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Our Expertise

Appeals and Judicial Review

Our lawyers have argued some of the most important, influential appellate cases in Canadian legal history.

In both public and private law, we have been involved in a vast range of prominent, precedent-setting appeals and judicial reviews. Respected for our deep expertise and experience in judicial review applications and appeals, we are frequently retained by trial and administrative counsel, regulatory bodies, unions and others to help advance or protect these clients’ interests before the courts on review.

Representative Work

  • Linda Rothstein and Denise Cooney successfully represented the Chartered Professional Accountants of Ontario on an application for judicial review of a finding of professional misconduct. The professional was found to have complied with auditing standards in his audit of a fund whose assets were held in Bernard L. Madoff Investment Securities LLC. The Divisional Court found the decision was reasonable, and dismissed the application.

    Wall v. Chartered  Professional Accountants of Ontario, 2021 ONSC 6440

  • Linda Rothstein and Charlotté Calon acted for (and with) Justice for Children and Youth, a legal clinic acting for young people, in an appeal of an order which restrained JFCY from communicating with their 14.5 year old client. The Divisional Court allowed the appeal, stating expressly for the first time in Canadian law that young people, like adults, are presumptively entitled to seek and obtain independent legal advice without the permission of a parent, guardian, or the courts.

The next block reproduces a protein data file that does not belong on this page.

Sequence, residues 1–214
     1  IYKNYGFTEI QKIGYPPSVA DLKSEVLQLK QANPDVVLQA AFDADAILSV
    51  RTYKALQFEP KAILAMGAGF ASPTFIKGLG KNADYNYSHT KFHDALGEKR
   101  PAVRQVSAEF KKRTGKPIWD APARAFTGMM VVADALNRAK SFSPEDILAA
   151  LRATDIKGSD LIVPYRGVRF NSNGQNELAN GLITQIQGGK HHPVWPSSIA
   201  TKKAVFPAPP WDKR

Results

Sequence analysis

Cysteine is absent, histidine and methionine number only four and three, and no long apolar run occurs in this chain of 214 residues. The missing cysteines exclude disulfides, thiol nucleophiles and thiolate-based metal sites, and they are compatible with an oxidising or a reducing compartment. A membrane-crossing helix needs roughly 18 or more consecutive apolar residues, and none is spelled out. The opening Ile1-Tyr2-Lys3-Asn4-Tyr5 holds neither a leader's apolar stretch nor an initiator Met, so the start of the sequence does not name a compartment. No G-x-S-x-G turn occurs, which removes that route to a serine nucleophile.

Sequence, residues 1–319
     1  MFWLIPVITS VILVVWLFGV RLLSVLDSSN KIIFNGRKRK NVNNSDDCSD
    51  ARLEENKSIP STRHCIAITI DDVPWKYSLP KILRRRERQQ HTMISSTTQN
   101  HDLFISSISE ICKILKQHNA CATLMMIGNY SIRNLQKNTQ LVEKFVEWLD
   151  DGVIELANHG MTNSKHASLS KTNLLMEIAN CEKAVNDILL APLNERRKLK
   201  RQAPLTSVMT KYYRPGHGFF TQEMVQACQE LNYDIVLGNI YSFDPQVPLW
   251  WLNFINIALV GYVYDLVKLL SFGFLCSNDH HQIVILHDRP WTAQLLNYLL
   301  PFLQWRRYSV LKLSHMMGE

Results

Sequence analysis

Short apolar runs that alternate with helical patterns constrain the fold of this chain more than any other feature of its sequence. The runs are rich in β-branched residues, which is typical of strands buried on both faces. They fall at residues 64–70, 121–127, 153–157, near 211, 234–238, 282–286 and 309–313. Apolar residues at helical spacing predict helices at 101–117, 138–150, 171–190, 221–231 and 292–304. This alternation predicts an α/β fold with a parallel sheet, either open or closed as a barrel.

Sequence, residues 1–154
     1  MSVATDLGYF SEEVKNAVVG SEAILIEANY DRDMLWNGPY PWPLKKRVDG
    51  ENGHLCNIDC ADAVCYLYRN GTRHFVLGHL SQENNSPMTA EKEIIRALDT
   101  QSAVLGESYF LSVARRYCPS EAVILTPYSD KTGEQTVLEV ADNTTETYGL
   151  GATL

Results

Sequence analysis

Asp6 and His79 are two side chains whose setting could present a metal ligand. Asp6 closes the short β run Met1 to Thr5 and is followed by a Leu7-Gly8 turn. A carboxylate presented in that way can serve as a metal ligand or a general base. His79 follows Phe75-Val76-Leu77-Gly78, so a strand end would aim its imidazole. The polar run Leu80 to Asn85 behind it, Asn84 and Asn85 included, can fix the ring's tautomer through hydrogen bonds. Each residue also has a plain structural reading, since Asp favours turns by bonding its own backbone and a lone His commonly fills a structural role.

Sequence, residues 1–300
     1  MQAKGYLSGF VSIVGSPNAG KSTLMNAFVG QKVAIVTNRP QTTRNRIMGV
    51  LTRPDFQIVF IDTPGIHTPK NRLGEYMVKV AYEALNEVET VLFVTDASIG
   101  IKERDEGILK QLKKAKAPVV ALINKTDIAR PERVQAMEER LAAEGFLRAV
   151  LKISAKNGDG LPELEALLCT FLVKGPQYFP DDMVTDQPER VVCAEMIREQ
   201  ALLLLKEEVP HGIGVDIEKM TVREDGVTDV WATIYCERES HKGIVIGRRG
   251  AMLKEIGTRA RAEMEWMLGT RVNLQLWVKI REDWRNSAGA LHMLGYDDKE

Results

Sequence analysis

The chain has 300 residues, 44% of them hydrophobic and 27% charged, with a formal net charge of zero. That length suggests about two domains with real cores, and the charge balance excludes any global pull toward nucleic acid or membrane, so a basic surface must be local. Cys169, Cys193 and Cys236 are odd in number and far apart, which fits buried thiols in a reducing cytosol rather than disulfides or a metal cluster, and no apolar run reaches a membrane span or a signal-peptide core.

• Along with Epstein Cole LLP, Linda Rothstein and Dan Rosenbluth acted as co-counsel to the successful appellant, Jennifer Leitch, in an appeal from a partial summary judgment order concerning the availability of the tort of conspiracy in the family law context. In a decision with significant implications for the client and other family law litigants,  the Court of Appeal ruled that the tort of conspiracy “is a valuable tool in the judicial toolbox” in family law cases:

  • Rob Centa, Emily Lawrence and Alysha Shore successfully represented the University of Toronto in responding to a motion for an interim injunction. The applicant sought to enjoin the University from reporting the unsuccessful results of her final assessment to the College of Physicians and Surgeons of Ontario (“CPSO”) pending the outcome of her judicial review. In applying the RJR-MacDonald test, the court found that there was no irreparable harm to the applicant and the balance of convenience favoured the University given its statutory reporting obligations to the CPSO and the broad mandate of protecting the public. The motion for an interim injunction was dismissed.

    Mehar v. The University of Toronto, 2020 ONSC 1293:

  • Rob Centa and Glynnis Hawe represented the Canadian Civil Liberties Association in C.M. v. York Regional Police, 2019 ONSC 7220. The court accepted Rob and Glynnis’s submissions that the over-policing of marginalized and racialized persons bolsters the importance of providing a transparent and fair process for persons seeking and challenging the content of a police Vulnerable Sector Check.

    C.M. v York Regional Police, 2019 ONSC 7220 (CanLII), <>